Part 1 | Formation of Soil

Before we discuss the various soil types and their distribution in India, it is imperative that we first go through the basics. Let’s begin with what soil is and how it is formed:

What is soil?

Soil is the loose material of the earth’s surface in which the terrestrial plants grow. It is usually formed from weathered rock or regolith changed by chemical, physical and biological process.

Thus the soil may be considered as an entity, quite apart from the rocks below it. It consists partly of mineral particles and partly, to a varying extent, of organic matter. Let’s look at the composition in detail:

Composition of soils:

Soils have four main constituents:

  • Mineral matter – It includes all minerals inherited from the parent material as well as those formed by recombination from substances in the soil solution.
  • Organic matter – It is derived mostly from decaying plant material broken down and decomposed by the actions of animals and microorganisms living in the soil. It is this organic portion that differentiates soil from geological material occurring below the earth’s surface which otherwise may have many of the properties of a soil. (Note: The end product of breakdown of dead organic material is called humus.)
  • Air
  • Water

Normally, both air and water fill the voids in soil. Air and water in the soil have a reciprocal relationship since both compete for the same pore spaces.

For example, after a rain or if the soil is poorly drained, the pores are filled with water and air is excluded. Conversely, as water moves out of a moist soil, the pore space is filled with air. Thus the relationship between air and water in soils is continually changing.

The ratio of the components by volume is generically indicated as:

Source

Note: The exact ratio depends on various factors like geographical location and the historical treatment of soil – by humans, by climate, by time.

Why is soil so important?

Soils are essential for life, in the sense that they provide the medium for plant growth, habitat for many insects and other organisms, act as a filtration system for surface water, carbon store and maintenance of atmospheric gases. They also support buildings and highways and contribute to the economies of our cities.

E.g. the rich, deep fertile soils of the Ganga plain especially its delta and the coastal plains of Kerala support a high density of population through agricultural prosperity. On the other hand, the shallow and coarse-grained soils of Telangana and Rajasthan do not provide a base for prosperous agriculture and thus support only a small population.

At the same time, the soil must not be regarded as a passive and inert body on the earth’s surface. It is a continually changing system within the total environment. The nature of a soil reflects the ancient environments under which it formed as well as current environmental conditions. The soil forming process, also known as pedogenesis, is described below:

How is soil formed?

Soil formation is a process taking many thousands of years.

Formation of soil from rocks.

The Pedogenic Processes:

The above-explained conversion from rocks to soils happens via four basic processes:

  1. Additions
  2. Losses
  3. Translocations
  4. Transformations

Let’s look at these soil forming processes in detail:

  1. Additions: Most additions occur at the surface. The most obvious ones include solar energy, water controlled by climate, and organic material derived principally from the vegetation.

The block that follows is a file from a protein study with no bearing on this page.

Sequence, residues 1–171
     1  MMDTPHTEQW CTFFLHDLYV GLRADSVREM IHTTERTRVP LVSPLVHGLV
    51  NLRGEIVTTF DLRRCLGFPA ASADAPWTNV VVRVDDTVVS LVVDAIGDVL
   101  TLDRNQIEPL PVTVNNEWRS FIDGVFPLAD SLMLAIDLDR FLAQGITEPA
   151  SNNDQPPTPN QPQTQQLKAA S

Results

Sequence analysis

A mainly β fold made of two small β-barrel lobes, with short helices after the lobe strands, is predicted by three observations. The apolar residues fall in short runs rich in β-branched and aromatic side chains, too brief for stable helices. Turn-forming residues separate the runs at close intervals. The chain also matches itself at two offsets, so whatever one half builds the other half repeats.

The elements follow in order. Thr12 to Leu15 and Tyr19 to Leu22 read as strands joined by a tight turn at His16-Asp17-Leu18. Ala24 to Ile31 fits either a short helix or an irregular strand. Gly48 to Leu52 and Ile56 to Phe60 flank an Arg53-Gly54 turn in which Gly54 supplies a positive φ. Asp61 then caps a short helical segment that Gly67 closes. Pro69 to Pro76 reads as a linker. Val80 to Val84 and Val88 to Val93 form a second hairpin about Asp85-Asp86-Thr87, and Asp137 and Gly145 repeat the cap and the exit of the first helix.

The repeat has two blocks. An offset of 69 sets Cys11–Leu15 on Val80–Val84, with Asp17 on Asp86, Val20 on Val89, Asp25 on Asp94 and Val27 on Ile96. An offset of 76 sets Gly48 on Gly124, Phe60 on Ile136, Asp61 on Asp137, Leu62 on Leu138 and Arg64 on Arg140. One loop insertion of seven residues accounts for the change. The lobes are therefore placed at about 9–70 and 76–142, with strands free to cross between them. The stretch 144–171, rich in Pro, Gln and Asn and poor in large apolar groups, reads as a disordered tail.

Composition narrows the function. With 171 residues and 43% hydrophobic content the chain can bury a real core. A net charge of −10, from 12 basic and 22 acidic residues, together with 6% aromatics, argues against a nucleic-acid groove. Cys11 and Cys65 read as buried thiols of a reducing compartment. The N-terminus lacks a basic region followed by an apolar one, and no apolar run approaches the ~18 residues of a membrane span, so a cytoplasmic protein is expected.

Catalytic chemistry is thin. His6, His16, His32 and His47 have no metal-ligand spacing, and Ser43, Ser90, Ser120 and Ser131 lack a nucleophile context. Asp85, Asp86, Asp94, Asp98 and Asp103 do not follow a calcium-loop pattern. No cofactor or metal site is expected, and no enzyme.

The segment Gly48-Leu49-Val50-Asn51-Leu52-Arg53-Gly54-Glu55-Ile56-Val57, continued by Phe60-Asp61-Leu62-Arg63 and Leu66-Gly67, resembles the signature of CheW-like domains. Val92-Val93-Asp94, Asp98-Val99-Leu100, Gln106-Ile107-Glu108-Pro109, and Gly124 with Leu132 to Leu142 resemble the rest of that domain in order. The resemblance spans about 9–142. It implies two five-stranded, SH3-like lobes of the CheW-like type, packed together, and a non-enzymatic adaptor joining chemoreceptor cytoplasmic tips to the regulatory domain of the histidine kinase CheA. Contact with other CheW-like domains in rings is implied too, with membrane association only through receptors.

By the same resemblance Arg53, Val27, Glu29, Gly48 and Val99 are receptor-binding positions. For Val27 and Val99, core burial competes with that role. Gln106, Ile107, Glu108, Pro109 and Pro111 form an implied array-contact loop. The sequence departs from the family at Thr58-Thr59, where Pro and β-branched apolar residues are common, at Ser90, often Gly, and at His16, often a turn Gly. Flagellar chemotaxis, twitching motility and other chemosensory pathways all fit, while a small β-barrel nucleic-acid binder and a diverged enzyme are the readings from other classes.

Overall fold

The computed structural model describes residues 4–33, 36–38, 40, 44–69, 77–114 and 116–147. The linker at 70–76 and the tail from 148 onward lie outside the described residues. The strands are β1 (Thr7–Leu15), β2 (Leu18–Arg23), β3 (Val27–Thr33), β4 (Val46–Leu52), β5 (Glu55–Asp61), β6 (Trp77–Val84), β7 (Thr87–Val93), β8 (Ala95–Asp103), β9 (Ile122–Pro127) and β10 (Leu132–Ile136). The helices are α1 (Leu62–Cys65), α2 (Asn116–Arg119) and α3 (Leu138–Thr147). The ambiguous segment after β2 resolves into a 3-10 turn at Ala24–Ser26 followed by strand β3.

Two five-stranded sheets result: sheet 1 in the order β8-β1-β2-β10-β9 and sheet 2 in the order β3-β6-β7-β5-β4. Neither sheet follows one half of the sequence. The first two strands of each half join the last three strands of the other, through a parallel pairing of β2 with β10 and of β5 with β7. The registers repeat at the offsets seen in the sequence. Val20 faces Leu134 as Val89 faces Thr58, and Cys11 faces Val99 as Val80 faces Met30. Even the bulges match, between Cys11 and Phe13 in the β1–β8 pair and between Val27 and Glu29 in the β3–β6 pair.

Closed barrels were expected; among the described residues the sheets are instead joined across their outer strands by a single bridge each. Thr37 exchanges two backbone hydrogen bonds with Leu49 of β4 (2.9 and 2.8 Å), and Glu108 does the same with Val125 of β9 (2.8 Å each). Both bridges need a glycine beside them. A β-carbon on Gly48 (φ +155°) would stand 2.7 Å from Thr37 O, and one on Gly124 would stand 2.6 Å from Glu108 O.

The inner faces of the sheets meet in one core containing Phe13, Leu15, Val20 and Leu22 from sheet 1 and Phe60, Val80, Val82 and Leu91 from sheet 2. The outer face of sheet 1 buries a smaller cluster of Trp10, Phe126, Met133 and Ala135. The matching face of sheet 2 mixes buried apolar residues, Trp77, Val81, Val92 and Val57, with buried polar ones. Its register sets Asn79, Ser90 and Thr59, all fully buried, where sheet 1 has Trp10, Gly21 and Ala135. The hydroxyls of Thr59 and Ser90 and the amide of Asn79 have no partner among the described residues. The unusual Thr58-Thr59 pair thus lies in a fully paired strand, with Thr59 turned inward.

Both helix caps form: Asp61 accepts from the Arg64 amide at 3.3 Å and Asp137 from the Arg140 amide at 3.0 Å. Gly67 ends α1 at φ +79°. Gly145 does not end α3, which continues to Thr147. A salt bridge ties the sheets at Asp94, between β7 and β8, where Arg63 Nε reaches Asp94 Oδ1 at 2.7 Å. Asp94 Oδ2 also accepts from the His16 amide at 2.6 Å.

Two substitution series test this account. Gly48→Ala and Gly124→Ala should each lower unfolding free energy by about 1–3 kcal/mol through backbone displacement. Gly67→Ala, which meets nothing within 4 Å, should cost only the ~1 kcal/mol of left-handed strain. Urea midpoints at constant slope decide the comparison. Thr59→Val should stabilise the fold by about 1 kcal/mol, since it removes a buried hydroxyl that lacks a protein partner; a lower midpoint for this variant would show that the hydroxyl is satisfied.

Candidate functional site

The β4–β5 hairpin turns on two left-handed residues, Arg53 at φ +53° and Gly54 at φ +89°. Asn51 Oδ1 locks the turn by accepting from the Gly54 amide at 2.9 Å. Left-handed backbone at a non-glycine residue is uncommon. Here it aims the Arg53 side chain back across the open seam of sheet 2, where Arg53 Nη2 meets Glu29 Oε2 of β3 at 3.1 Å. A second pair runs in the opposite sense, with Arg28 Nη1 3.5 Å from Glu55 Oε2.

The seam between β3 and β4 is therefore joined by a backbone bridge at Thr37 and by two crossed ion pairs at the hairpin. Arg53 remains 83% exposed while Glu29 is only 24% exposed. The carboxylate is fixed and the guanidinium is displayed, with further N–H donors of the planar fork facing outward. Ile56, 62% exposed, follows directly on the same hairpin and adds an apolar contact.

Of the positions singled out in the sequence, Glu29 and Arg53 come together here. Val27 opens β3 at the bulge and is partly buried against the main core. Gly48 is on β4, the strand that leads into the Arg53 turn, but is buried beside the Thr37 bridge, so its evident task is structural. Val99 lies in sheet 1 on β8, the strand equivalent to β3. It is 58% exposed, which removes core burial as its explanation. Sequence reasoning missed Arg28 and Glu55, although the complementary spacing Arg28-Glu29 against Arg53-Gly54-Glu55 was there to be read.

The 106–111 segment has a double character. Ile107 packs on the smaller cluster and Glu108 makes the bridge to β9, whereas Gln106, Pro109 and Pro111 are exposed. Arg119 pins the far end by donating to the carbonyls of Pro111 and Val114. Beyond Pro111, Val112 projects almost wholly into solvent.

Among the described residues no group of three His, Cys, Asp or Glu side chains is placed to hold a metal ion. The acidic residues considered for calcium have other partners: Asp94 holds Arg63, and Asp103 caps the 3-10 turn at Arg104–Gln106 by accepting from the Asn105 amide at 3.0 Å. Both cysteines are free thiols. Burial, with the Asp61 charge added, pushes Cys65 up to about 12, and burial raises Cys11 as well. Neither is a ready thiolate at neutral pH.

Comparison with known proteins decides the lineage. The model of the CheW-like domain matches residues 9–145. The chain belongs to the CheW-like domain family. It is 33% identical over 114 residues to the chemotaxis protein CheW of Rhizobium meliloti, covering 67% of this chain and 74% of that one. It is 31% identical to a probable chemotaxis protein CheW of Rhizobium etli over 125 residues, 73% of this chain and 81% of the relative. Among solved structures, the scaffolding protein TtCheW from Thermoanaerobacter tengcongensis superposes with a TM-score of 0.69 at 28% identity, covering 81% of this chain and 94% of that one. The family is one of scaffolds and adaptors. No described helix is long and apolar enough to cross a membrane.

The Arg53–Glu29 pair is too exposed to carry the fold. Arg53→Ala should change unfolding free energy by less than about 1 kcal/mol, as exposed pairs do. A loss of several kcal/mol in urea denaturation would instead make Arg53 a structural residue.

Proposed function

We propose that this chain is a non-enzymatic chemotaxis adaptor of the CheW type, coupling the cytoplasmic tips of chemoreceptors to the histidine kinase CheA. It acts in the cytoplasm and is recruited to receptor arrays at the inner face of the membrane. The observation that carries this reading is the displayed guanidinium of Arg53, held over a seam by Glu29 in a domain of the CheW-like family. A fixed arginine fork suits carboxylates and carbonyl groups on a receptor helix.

2. Losses: Losses occur both from the surface and from the deep subsoil. For instance, water is lost by evapotranspiration and carbon dioxide by diffusion at the surface and, on a more catastrophic level, large masses of soil can be stripped by erosion. Materials suspended or dissolved in water are the main forms of losses from the subsoil e.g. leaching.
  3. Translocation: It refers to the physical movement of material within the soil. The material can be in the solid, liquid or gaseous form, the movement can be in any direction from and to any horizon. For instance clay, organic matter and iron and aluminium hydrous oxides are commonly moved from the surface horizon to a subsurface horizon. Conversely, in very dry climates salts are moved upwards in solution by capillarity, and in very cold climates solid mineral fragments are moved upwards by frost action.
  4. Transformation: Additions, losses and translocations all involve movement as shown in the above figure. Transformations, on the other hand, involve the change of some soil constituent without any physical displacement. Chemical and physical weathering and the decomposition of organic matter are included here.
Source

All these processes occur to a greater or lesser extent in all soils. The properties that characterise one soil are the result of a particular balance among all the processes. Other soils will be different because they have been formed by groups of processes having different balances.

  • The two driving forces for these processes are:
    • climate (temperature and precipitation), and
    • organisms, (plants and animals).
  • Passive factors:
    • Parent material is usually a rather passive factor in affecting soil processes because parent materials are inherited from the geologic world.
    • Topography (or relief) is also rather passive in affecting soil processes, mainly modifying the climatic influences of temperature and precipitation.

That’s it for this part! In the next article (click here), we will understand how the various active and passive factors affect the soil formation process.

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